Jordan District asks legislators to prioritize support of high quality educatorsFeb 06, 2023 01:00PM ● By Jet Burnham
Bingham High sophomore Claire Burnham and her sixth-grade teacher Frankie Walton speak to state legislators about the impact of their relationship. (Jet Burnham/City Journals)
The Jordan School District Board of Education hosted a breakfast for state legislators Jan. 11 to share their educational priorities and to answer questions from representatives preparing for this year’s legislative session.
The Board asked for support from lawmakers as they focus on providing safe working and learning environments at schools and in recruiting and retaining high quality educators and educational support professionals.
“We understand that the fundamental thing that makes education great, that affects the lives of individuals, are great educators,” Board First Vice President Niki George said.
In his Supercast podcast, Jordan School District Superintendent Dr. Anthony Godfrey regularly highlights outstanding employees who have an impact on students. One of the teacher-student relationships he featured was Bingham High School sophomore Claire Burnham, who has become a national youth storyteller because of the support of her teachers at Jordan Ridge Elementary. Burnham and her sixth-grade teacher Frankie Walton shared their story with the legislators at the breakfast.
It reminded the legislators of the teachers that have had an impact on their lives.
“My ‘Mrs. Walton’ was Mr. Young,” Rep. Mark Strong (house 47) said. “I had him three classes a day for my entire senior year of high school. I still talk to him—every few months I call him.”
An intern for one of the state representatives shared that the only reason she had good attendance during her senior year was because she had a connection with her choir teacher.
Rep. Jordan Tuescher (house 44), who attended Jordan District schools, said, “Each of my elementary school teachers was really amazing,” but he remembers specifically his fifth-grade teacher. “I just remember being given more responsibilities and being looked at differently from a teacher than I had in the past.”
Tuescher still sees his AP political science teacher, Scott Crump, who taught the class at Bingham High for 25 years, and now works as a green coat at legislative sessions. Jenicee Jacobson, who is now an administrator at West Jordan High, was Tuescher’s debate teacher his senior year and helped him become who he is today. “She really took an interest in us and found ways for us to be able to accomplish the things we wanted to do,” he said.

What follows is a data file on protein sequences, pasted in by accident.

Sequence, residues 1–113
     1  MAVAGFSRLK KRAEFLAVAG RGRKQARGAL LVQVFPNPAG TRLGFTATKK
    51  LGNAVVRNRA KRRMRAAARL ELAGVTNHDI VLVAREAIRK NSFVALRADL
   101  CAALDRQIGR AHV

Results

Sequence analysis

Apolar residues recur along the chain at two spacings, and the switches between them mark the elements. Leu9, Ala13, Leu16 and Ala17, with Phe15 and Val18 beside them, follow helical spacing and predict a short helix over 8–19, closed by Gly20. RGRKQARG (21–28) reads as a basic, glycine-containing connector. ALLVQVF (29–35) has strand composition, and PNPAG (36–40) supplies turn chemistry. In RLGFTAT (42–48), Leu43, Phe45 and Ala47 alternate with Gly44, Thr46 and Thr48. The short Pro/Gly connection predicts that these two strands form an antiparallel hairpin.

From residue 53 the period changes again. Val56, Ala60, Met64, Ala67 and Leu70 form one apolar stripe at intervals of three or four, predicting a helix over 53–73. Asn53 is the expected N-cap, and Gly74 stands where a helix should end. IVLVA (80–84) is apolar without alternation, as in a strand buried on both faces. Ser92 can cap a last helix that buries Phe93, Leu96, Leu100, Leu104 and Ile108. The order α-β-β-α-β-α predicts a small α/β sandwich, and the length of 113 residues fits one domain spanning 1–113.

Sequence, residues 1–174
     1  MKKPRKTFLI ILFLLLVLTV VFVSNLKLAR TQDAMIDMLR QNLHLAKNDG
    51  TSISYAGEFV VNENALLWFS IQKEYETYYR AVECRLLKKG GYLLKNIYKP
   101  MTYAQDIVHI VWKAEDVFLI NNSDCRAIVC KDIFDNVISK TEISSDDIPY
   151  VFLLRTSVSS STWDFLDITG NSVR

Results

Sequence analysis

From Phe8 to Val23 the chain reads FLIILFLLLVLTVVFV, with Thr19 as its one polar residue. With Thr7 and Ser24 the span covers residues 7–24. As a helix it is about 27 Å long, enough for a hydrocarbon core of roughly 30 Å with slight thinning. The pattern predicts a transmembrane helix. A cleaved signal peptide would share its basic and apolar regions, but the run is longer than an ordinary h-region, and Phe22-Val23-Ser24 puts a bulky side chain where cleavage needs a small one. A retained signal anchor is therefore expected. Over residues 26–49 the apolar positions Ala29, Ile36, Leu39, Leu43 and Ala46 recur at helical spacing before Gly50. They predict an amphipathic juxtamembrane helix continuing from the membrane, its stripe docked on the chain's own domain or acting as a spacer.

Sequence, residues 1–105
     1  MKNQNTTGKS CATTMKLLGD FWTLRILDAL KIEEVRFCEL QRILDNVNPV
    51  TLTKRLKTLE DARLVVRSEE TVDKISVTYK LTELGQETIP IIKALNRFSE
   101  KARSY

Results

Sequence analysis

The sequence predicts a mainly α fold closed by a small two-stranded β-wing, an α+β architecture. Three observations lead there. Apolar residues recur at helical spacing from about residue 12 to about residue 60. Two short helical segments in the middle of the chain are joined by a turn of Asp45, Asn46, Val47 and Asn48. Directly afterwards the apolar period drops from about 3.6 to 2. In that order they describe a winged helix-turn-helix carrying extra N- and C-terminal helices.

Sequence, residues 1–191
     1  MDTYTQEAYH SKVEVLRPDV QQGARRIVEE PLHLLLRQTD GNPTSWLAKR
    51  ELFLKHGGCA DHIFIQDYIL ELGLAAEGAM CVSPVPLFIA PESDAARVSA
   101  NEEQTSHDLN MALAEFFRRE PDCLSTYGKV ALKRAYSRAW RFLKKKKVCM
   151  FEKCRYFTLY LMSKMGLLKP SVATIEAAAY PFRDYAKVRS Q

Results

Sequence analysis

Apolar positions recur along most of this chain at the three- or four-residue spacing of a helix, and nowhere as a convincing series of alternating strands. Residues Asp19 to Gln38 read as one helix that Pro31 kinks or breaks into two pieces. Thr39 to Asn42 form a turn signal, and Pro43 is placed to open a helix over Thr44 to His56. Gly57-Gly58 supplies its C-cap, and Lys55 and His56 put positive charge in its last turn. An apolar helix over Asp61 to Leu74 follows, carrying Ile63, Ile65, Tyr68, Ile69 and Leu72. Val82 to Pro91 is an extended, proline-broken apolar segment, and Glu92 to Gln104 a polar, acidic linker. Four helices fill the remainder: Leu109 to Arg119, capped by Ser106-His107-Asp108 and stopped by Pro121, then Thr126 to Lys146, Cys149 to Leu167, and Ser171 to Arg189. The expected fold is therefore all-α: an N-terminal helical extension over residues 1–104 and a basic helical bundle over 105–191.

Godfrey’s podcast also highlights the behind-the-scenes workers such as aides, nutrition workers, custodians, bus drivers and other support personnel who are critical to creating a successful educational environment for students. Currently there is a shortage in these positions—custodial crews are the most short-handed right now. The Board told legislators their current priority is to be able to provide competitive pay to fill these positions.
“It's easy to look at a school, and the teacher, but we have so many people that play a huge part in the education of our children, and we hope that we can recognize all of those needs,” George said. “Students are constantly receiving extra help through education support professionals, receiving experiences in the lunchroom and receiving relationships through school bus drivers.”
Board members also reported on how legislative funding has been spent. Their priorities have been employee pay, school safety and mental health resources.
They took time to answer questions legislators had about topics such as student attendance and discipline and the procedure for banning books.
Bingham High School ProStart students provided the food for the breakfast and the Madrigals Choir performed two songs.
JSD hosts a legislative breakfast every year before the legislative session. Last year’s legislative breakfast was particularly productive. It took place at Herriman High School, which on that day happened to be implementing the test-to-stay protocols the governor had put in place. When the lawmakers saw the procedure in action, they immediately texted the governor about the problems with the protocol.
“It was a very striking moment,” Associate Superintendent Mike Anderson said to lawmakers at this year’s breakfast. “It was thanks to your jumping in at that point that we were able to get some things changed rather quickly at the state level.”
Godfrey said the entire state benefited from the lawmakers’ efforts that day.
“That’s the best example of us working together in really difficult times,” he said.